Wednesday, January 30, 2013

Web connected outlet - Part 2

Wiring it up

Well, I breadboarded up the little circuit.  What could be easier: 4 components and some wire?  Five minutes, max.

The Raspberry Pi GPIO pins can source up to 16 milliamps, but there's no need to over do it. Just to keep the current to a minimum necessary to switch the transistor, I figured a nice, conservative 3 ma (milliamps) would be fine.  I knew the transistor could do it - I've used them before for this kind of thing. So using I=E/R (current = voltage / resistance), 3.3 V / 1000 ohms = 3.3 milliamps. Certainly close enough for government work, so I wired it up.

The only problem was the transistor wouldn't switch with anything more than about 500 ohms (about 7 ma.)  What gives? The transistor I used, a 2N2222, has been used in millions of switching applications and it should switch at a couple of ma of base current with no problem.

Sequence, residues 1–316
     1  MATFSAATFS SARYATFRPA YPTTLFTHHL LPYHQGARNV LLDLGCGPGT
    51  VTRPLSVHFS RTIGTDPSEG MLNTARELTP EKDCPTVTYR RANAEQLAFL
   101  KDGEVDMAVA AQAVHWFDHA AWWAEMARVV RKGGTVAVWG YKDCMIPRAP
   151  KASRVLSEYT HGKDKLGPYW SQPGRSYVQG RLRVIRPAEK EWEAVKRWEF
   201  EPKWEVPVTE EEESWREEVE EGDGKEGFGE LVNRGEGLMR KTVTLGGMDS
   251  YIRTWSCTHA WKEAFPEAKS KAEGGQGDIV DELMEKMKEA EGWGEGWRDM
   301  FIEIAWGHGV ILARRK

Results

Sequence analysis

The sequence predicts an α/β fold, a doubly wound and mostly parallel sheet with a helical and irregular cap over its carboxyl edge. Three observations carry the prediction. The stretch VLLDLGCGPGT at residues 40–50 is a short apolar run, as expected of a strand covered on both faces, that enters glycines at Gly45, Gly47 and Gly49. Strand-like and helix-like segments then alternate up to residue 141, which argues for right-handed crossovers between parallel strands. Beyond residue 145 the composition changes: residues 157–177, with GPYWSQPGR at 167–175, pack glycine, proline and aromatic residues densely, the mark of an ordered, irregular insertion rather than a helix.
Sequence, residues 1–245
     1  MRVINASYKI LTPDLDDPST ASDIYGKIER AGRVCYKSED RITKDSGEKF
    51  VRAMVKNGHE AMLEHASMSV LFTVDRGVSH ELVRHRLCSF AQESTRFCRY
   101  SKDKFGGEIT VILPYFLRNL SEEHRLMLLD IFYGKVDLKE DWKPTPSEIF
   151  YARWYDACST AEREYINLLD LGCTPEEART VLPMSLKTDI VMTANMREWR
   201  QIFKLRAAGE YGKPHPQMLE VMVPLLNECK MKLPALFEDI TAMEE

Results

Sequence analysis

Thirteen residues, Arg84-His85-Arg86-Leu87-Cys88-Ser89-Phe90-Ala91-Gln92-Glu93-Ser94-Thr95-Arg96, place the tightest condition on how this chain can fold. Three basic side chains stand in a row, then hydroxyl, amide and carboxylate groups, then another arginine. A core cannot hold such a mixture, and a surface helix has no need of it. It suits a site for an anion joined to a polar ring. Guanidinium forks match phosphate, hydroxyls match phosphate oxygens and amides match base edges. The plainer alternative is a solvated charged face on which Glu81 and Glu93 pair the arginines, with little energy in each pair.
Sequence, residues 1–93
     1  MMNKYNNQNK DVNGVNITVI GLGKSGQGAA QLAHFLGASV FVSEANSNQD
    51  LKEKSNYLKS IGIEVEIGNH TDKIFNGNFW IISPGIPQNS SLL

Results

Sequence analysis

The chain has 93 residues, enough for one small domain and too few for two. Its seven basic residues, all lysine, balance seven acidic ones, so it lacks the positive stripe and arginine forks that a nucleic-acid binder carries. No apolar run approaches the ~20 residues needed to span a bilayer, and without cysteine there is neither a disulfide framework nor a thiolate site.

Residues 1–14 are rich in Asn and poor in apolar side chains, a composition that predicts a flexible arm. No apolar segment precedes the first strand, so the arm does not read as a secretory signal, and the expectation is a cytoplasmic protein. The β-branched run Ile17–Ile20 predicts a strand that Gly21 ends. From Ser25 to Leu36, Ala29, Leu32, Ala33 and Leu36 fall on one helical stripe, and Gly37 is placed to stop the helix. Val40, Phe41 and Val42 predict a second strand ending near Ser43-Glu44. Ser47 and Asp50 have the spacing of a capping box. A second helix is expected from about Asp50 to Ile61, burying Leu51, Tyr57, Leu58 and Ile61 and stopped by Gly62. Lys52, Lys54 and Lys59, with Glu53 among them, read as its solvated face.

Turns out that the batch of transistors I bought (cheap on ebay) didn't use the "standard" lead configuration.  In most 2222's the pins are, from left to right facing the "flat" face of the transistor: EBC (emitter, base, collector.)  For some reason, this batch had it reversed (CBE!?!). Doh!

It took me a while to figure that out...  Once I flipped it around ("backwards"...) it switched just fine at less than 2 ma (using a 2K resistor.)

I guess I should learn a lesson or two from this:
- Buy cheap transistors: you may not get what you think you're getting
- Always check the spec sheet (geez - these didn't even come with one...)
- Always trust your instruments (I briefly entertained the thought my milliammeter might be off...)

Oh well, live and learn!

Next time: loading up Raspbian on the Pi.

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